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home : arts & entertainment : arts & entertainment November 21, 2017


10/3/2017 12:27:00 PM
King leaves Sisters on a grace note
Stephanie King made a mark on Sisters’ thriving music community. photo by Rick Judy
+ click to enlarge
Stephanie King made a mark on Sisters’ thriving music community. photo by Rick Judy

By Emily Woodworth


At the end of September, award-winning musician, conductor and instructor Stephanie King relocated to her new home in Chestertown, Maryland, leaving Central Oregon's musical culture appreciably improved through her talent and influence. King and her family of five moved to Sisters in 1999, pursuing a less hectic lifestyle after 16 years in Portland.

Upon arriving from a metro area where opportunities abounded, from accompanying at the Oregon Ballet School to earning her MAT in Music to performing Grieg's Piano Concerto with the Willamette Falls Symphony as a featured soloist (a bucket-list item for her musical career), she recalls initial concerns that Central Oregon would not have the same cultural amenities. "When I first came, I was worried about opportunities," she says. "But it's really grown a lot and I've been so pleased to see that develop."

King made various contributions to that development. In addition to teaching private lessons and occasional stints as a substitute teacher, King taught both band and choir at Pilot Butte Middle School from 2002-2005. She has become a highly sought-after accompanist for choirs and music groups in Central Oregon, including the semi-professional Bend Camerata, the Sunriver Music Festival, and formed long-time relationships with choir directors, including former Sisters' middle and high school choir director Tara MacSween.

In 2005, King joined the Episcopal Church of the Transfiguration in Sisters as its music director. "They didn't have a music director before I started, so we figured it out as we went along." King recently took a choir of about 25 members on their fifth international tour, this one to Québec, Canada. Previous destinations have included Germany, Ireland and Austria, and a 4th of July celebration, featuring one of King's original compositions, in Pearl Harbor, Hawaii.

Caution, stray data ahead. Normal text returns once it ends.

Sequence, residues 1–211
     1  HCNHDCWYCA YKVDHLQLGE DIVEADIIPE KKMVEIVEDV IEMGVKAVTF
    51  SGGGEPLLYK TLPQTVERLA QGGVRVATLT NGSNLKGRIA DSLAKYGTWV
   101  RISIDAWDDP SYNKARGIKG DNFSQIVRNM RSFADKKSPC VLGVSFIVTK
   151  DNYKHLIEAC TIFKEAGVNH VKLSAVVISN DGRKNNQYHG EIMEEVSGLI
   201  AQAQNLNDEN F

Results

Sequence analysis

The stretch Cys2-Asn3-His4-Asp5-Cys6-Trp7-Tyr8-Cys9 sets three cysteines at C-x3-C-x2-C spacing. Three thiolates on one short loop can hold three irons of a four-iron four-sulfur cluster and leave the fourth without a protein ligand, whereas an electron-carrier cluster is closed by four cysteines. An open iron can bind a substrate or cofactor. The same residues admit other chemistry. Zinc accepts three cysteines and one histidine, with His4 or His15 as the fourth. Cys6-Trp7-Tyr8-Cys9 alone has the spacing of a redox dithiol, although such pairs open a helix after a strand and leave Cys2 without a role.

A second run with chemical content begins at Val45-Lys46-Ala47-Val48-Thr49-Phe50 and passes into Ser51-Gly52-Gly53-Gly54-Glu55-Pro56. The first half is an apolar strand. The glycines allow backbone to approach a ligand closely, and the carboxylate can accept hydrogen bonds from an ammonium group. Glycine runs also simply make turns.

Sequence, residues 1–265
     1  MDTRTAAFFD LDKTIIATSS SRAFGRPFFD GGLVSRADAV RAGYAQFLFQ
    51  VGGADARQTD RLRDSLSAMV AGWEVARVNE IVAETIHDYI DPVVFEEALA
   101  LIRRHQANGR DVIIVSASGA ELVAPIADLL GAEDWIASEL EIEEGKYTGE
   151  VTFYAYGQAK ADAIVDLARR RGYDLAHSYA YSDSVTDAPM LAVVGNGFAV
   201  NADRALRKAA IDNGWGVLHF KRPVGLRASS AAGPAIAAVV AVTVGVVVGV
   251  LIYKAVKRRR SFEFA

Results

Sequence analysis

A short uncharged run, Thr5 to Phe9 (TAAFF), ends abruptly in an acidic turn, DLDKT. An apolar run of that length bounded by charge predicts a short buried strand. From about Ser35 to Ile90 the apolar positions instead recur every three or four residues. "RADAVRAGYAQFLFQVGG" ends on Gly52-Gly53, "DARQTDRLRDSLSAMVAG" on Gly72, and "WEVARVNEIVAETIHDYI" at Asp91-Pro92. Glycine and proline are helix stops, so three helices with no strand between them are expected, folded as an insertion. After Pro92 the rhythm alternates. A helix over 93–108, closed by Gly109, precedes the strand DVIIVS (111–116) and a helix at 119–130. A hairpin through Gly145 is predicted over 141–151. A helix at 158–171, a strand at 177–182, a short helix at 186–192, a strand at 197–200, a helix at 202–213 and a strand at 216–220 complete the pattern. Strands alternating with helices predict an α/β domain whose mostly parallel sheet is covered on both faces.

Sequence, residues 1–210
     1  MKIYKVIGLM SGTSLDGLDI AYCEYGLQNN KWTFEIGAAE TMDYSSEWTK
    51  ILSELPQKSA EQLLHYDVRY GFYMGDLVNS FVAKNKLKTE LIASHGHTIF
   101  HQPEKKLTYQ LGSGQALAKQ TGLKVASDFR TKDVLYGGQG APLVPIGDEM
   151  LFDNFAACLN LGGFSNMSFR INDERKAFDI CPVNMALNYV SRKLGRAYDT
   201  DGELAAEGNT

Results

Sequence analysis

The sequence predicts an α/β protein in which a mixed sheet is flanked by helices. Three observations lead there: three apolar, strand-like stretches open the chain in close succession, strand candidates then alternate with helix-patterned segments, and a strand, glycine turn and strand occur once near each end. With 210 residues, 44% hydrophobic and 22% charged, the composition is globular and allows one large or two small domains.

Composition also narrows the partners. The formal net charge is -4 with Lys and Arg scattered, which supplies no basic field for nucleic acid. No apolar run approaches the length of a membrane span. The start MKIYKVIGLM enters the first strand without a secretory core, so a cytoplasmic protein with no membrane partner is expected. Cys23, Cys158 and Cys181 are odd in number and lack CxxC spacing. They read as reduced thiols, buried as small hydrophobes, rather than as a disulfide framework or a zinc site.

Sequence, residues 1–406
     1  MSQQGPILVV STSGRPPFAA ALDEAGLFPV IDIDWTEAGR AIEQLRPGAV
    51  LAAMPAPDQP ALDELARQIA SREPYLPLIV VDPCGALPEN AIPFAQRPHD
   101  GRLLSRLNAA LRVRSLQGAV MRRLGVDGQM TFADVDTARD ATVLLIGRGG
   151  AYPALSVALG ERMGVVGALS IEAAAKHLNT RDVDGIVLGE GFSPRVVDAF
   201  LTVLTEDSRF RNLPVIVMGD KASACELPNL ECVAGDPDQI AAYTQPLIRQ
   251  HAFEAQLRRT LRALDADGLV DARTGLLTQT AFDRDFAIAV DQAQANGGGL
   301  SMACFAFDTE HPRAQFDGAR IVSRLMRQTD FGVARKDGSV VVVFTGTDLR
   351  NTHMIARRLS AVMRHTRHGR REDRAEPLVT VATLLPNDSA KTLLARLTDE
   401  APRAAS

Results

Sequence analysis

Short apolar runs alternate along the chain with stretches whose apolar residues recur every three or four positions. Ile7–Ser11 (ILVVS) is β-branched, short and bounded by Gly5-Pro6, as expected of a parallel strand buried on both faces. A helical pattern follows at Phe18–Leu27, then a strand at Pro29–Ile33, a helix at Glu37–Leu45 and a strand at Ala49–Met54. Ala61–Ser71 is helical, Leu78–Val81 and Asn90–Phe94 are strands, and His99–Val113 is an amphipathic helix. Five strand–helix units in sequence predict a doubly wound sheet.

Her musical contributions as an independent pianist extend abroad, too. In 2016 she was selected as an accompanist for the prestigious Tuscia Opera Festival and International Lyric Academy in Italy, chosen from an international field of competitors. She has been invited back for three straight years, spending a month each time accompanying for classical musicians and vocalists.

As King begins her new chapter in Maryland, she will again work with an Episcopal church as music director. In addition to the historical richness of her new home, King is excited about opportunities afford by nearby Washington College's vibrant music program. "The whole town comes together for a two-week international festival where music students come on scholarship to be mentored," she says. King plans to host a piano student during the festival, and is excited at the prospect of being a musical mentor. The festival offers 35 concerts and allows community members to attend rehearsals for free.

"Any time you move, you have to recreate yourself in that new context," says King. Though she is excited, she remarks, "I will greatly miss the friendships and relationships I've developed here." That said, her training has prepared her well for adapting to new contexts. King started piano at five years old, and decided to pursue it when she was 12, after her family moved to San Bernadino. Just two years later they moved to San Jose and she had to adapt to a new teacher. King ended up with renowned pianist Aiko Onishi, who was on faculty at San Jose State University (SJSU). Onishi was hesitant about taking on such a young student until King proved her mettle through a six-week test period with Fantasie by Chopin. Their student-teacher relationship extended through college as King pursued her bachelor's at SJSU.

In her program at SJSU, King learned instruments from every category (woodwind, string, brass, etc.) and how to direct bands and choirs, a very different experience from solo performing. "I love accompanying. One of my strengths is being in sync with the director," she says. "But I also love directing because of the organizational aspects. You have to listen for the sound you want, then know how to adapt and shift it."

After college, she again re-created herself in the context of Portland. She worked closely as assistant and accompanist for renown choral director Charlene Archibeque, and also served as creative arts director and pianist at Greater Portland Bible Church where she oversaw all creative media, from visual arts to music. While in Portland, King also received her MAT from Lewis & Clark College and won the Mu Phi Epsilon piano competition.

From San Bernadino to San Jose to Portland to Sisters, and now onward to Chestertown, King has adapted repeatedly to new musical contexts. In every new context, she has made contributions through her prodigious skill and upbeat attitude. Those who have worked with her in Central Oregon know that their loss will certainly be Chestertown's gain, even as they cherish the time Stephanie King has spent enriching the musical community.









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